From: BurrMan 31 Oct 2009  (4 of 30)
 3042.4 In reply to 3042.3 You can also use this script in MoI to get a curves length: http://kyticka.webzdarma.cz/3d/moi/#CurveLength

 From: BurrMan 31 Oct 2009  (5 of 30)
 3042.5 In reply to 3042.4 I was wondering if this worked. Since your shapes are all non organic. The only thing I'm not sure of with this file is the "width" of the unfolded leaf. I can try to cut them out to see if it refolds....Maybe if your interested you could follow this up and if it needs one more op, we should be able to figure it out. EDITED: 19 Jun 2012 by BURRMAN

 From: BurrMan 31 Oct 2009  (6 of 30)
 3042.6 In reply to 3042.5 Yeah wait. I missed the width step. I'll see if I can figure it out.

 From: Michael Gibson 31 Oct 2009  (7 of 30)
 3042.7 In reply to 3042.3 Hi Anis, > I believe Michael have a plan like "flatten surface" in > Rhino in the feature. Actually I do not currently have any plans for this - it is just not an area that I have a lot of experience in. - Michael

 From: Michael Gibson 31 Oct 2009  (8 of 30)
 3042.8 In reply to 3042.1 Hi Dan, > Is it possible in MoI by some method, to flatten a curved surface? No, there are not any functions built in to MoI to do that. Probably your best bet for that purpose would be to take your data into Rhino, and then there is a command in Rhino called UnrollSrf that can do what you want over there. That unrolling process is not going to be very feasible to attempt to do manually, moving control points is just not going to produce the right result, the process for unrolling needs to look more directly at the lengths of the pieces being unrolled and there is not something like a 1 to 1 relationship where moving a control point by one distance means that a curve's length (as traveled along the curve) gets altered by the same amount. Like Anis mentions above, there also some other options: Lamina Design: http://www.laminadesign.com Pepakura Designer: http://www.tamasoft.co.jp/pepakura-en/ Those programs produce a flattened layout of polygonal data. But if you have a developable surface that you want to cut out of stock and then bend into shape, Rhino's UnrollSrf command would be the way to go with that. MoI itself just does not have any specialized focus on producing or flattening developable surfaces, you will need to use a program that is more focused in these particular areas to do those kinds of things. - Michael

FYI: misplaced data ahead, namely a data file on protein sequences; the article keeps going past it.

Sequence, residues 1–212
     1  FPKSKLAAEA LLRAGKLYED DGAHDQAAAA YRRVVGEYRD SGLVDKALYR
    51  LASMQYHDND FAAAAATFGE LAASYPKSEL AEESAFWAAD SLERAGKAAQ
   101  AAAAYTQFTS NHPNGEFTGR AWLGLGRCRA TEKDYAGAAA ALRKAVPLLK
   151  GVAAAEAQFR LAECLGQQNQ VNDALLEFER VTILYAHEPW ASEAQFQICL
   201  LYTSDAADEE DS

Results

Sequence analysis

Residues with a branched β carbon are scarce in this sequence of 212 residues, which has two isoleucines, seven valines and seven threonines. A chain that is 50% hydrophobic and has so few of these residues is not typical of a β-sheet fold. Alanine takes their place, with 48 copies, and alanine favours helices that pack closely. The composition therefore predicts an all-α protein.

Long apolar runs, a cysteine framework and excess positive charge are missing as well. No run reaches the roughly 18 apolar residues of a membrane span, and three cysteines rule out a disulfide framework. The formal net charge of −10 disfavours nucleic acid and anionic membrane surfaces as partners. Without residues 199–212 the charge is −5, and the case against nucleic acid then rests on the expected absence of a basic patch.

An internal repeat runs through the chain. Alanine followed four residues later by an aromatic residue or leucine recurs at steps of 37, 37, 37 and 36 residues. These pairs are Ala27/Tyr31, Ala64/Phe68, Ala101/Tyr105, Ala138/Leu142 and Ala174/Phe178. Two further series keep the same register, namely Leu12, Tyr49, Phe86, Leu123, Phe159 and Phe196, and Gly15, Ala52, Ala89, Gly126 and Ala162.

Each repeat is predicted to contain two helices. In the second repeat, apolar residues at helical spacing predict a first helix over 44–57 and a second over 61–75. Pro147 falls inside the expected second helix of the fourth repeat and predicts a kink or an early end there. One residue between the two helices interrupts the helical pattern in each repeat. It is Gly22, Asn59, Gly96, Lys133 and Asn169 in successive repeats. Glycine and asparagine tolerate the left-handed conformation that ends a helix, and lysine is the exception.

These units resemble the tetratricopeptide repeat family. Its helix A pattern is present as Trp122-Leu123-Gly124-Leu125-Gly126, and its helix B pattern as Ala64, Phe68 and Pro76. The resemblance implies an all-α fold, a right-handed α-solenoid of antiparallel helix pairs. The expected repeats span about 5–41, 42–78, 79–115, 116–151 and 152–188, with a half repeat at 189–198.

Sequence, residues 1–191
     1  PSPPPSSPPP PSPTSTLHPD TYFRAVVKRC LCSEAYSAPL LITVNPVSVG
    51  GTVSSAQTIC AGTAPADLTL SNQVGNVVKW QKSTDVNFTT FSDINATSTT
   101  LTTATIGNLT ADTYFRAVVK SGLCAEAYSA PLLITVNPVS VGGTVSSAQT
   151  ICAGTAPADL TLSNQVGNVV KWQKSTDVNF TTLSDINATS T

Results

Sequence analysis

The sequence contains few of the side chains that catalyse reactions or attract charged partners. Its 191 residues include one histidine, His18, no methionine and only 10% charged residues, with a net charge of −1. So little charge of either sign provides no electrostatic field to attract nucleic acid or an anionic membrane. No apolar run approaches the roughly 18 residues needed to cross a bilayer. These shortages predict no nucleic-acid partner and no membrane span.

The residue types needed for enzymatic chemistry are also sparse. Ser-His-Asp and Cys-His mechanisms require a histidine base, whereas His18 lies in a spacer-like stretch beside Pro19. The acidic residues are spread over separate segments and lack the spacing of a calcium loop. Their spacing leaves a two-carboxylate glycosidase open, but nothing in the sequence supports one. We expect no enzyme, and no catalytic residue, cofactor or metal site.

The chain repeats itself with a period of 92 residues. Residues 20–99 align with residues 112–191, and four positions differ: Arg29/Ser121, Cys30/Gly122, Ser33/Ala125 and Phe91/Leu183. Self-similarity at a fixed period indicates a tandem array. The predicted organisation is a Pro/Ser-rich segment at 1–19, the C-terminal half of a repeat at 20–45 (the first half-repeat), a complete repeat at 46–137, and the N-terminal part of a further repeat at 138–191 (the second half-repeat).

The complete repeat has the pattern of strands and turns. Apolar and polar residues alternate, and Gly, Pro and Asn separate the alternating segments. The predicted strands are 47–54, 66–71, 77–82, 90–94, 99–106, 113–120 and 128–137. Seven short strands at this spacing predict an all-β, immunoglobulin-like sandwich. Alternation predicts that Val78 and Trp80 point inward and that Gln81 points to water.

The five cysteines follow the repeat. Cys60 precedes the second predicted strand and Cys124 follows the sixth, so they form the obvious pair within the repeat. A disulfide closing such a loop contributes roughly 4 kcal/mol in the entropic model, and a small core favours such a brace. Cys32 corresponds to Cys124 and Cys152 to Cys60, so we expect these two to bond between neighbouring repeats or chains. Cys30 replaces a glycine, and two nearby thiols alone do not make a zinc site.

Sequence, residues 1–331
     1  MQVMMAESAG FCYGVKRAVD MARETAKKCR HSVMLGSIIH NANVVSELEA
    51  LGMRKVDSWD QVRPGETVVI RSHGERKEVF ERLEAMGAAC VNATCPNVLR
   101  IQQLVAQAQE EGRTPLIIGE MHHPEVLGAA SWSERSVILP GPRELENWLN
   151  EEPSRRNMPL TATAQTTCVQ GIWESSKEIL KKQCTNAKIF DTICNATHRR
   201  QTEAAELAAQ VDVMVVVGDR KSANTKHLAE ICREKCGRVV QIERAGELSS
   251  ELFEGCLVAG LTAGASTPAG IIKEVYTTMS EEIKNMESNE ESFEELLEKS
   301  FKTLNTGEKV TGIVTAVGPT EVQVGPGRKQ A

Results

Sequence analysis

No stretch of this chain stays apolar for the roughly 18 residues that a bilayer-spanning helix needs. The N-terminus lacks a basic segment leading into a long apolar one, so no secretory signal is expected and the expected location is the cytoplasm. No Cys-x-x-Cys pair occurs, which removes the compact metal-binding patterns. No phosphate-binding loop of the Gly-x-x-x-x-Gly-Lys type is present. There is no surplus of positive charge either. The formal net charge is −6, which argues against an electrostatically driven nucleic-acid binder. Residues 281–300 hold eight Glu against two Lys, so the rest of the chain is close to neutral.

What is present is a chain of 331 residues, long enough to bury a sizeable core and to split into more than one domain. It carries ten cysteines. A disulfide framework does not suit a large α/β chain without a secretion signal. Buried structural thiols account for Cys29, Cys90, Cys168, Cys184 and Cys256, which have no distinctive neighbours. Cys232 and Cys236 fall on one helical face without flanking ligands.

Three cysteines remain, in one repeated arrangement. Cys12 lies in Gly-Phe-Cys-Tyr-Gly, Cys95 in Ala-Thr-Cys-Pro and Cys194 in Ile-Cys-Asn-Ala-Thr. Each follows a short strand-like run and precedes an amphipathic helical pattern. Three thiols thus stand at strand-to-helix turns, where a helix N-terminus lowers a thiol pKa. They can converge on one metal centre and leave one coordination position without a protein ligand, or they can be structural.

From: BurrMan 31 Oct 2009  (9 of 30)
 3042.9 In reply to 3042.8 Yeah, I was off base with that post for sure :O

 From: Dan (LICHENROCK) 31 Oct 2009  (10 of 30)